The Fotodiox LED Studio-in-a-Box offers the ultimate in simple table-top shooting. It took me under five minutes to fold it into position and the velcro edges create a very secure box. The studio folds up flat just as you see it in the top photo and there's a nice carrying handle. Four backdrops and the power cords are included. You'll be shooting in minutes. 

The Five-Minute Studio

Seting up this clever pop-up studio takes about five minutes and really consists of just two steps: unfolding and assembling the box using a very good velcro attachment system and then plugging in the power supply. The box folds back to flat in seconds and has a good strong carrying handle as well as a nice little pouch for the power supply and cord. Oddly, there were no instructions included with the studio, but if you watch the excellent Fotodiox unboxing video or this assembly video, you really won’t need instructions. Seriously, you won’t—it’s that simple.

There are two ports for shooting: one is an oval-shaped opening in the front (it has top and bottom flaps, so you can use it partially closed) and the other is a small roof port so you can shoot straight down. You can also drop the whole front wall if you need more access to shoot larger products, etc. One minor complaint: I wish both a/c power cord and the cord that comes out of the LED light array were each a foot or two longer so that I didn’t have to scramble for an extension cord. 

The studio comes with four rolled backdrops that have velcro in the corners for attaching to top/back of box and a completely useless sleeve at the bottom front of the box for tucking in background. I couldn’t get the bottom of the backdrop into the sleeve, but I solved it with a bit of shipping tape and just taped the front edge down and that works fine. Of course you don’t have to use the supplied backdrops and you can use any backdrop you want. 

The quality of the LED lights is very clean and surprisingly even across the entire interior of the box. Exposure here was 1/80 second at f/11.

Where are you going to find a product that offers lighting as pretty as this with absolutely no lighting knowledge required? There's a shooting port in the front wall of the box (and another in the roof for shooting straight down) and that front wall is also reflective, so it casts a nice clean glow into the front of your subjects. I was really surprised by what a nice job the combination of top-mounted LEDs and the reflective sides did with a clear-glass vase, a notoriously difficult subject to light. Gray backdrop. Exposed at 1/125 second at f/13, IS0 250.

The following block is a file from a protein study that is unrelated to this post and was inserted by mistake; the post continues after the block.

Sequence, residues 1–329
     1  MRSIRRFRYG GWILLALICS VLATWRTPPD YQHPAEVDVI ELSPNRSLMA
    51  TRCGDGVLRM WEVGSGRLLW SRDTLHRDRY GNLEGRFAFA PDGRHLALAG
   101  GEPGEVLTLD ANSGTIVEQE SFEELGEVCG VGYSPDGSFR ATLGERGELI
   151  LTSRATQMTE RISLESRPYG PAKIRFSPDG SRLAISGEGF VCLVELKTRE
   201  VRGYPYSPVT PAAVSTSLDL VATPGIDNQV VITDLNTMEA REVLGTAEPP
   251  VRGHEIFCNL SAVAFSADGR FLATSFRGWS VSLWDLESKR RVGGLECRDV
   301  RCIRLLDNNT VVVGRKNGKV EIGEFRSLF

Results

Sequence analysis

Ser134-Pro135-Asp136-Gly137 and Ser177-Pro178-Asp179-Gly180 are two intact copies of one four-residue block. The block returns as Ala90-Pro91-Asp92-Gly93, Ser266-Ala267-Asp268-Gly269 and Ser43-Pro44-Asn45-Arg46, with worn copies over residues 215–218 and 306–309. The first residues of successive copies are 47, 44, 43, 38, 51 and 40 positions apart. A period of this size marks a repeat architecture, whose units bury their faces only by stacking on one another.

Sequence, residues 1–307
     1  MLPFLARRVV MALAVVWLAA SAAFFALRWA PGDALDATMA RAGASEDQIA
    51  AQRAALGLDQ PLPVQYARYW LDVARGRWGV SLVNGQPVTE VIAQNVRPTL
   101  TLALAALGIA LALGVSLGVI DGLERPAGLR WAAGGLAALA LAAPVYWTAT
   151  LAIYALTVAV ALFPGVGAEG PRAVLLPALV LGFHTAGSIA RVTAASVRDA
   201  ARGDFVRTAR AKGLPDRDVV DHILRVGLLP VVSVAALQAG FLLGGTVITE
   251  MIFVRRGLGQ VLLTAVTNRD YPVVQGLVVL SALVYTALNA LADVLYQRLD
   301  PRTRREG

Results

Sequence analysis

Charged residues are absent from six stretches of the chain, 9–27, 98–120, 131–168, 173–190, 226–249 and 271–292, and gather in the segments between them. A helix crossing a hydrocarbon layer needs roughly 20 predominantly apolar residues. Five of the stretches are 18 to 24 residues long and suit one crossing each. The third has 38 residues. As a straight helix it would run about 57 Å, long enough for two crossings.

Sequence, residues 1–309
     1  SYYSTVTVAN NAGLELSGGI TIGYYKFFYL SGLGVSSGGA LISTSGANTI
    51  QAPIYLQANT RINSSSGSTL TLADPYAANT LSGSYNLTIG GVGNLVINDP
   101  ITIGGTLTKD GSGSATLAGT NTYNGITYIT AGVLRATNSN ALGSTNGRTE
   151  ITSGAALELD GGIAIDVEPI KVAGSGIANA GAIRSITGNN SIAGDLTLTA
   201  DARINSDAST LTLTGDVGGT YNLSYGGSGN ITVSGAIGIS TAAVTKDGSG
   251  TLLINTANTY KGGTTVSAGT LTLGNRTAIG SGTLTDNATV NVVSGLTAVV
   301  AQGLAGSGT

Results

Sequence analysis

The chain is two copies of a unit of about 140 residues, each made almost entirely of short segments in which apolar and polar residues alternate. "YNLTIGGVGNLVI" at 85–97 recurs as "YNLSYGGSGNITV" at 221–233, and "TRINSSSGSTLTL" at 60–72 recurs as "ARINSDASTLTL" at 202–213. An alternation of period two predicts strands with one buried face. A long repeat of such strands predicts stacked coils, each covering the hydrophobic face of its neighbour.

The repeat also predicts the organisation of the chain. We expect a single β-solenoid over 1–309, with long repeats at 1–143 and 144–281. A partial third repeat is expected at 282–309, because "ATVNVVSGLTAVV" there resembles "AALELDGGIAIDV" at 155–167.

Light Me Up

The LED lighting array that is built into the top of the unit is square in shape and is surprisingly bright. I was all prepared to crank up the ISO to deal with what I expected to be minimally bright lights, but I was wrong. This is one powerful array and most of my photos (all shot at ISO 250) were shot at exposures of around 1/60 second at f/11 or f/13. I shot everything on a tripod, but you really could shoot handheld if you didn’t need a small aperture for depth of field. 

The lights are balanced for 5600K, but I kind of had to play around with the white balance to get the white backdrop exactly where I wanted it. Even though I shoot in RAW and can adjust the WB after the fact, it’s simpler to do it at the outset and save yourself time in editing. Surprisingly, I found that the electronic flash setting on my Nikon body produced the best color. The colors were astoundingly accurate and I am now a total convert to LED lighting for this type of work. 

One of the issues that you encounter when photographing reflective subjects with top lighting is that they reflect the lighting. It's an issue that all table-top shooters have to deal with almost daily (and it's why most of them have gray hair). You can clearly see the LED array reflected in the lid, spout and handle of the teapot, as well as some harsh highlights elsewhere. The included diffusion sheet helps tame reflections a bit, but it really doesn't eliminate them (and I don't think anyone would expect it to be a cure all). Rather than wrestle with the problem while shooting, I just accepted the reflections and got rid of them with the healing brush in Photoshop--takes a few seconds. Where was Photoshop when I was spending endless hours fighting reflections in the 1970s? Shot at 1/50 second at f/11, ISO 250. 


The interior walls of the studio are silvered and work extremely well at creating a shadowless environment. However, as any product still-life shooter knows, highly reflective subjects (like glass and ceramics) always bring with them their own box of demons—namely reflections from any light source that isn’t heavily diffused. The way that most studio shooters conquer this is by making the light source big enough and placing it close enough so that the light virtually engulfs the subject. In effect what you are doing is shooting it in a cloud of light—thus the big old foam core soft boxes we used to make back in the day. 

Non-reflective subjects like these pine cones are a piece of cake to shoot, it really becomes point-and-shoot product shooting. Exposed at 1/60 second at f/13, ISO 250.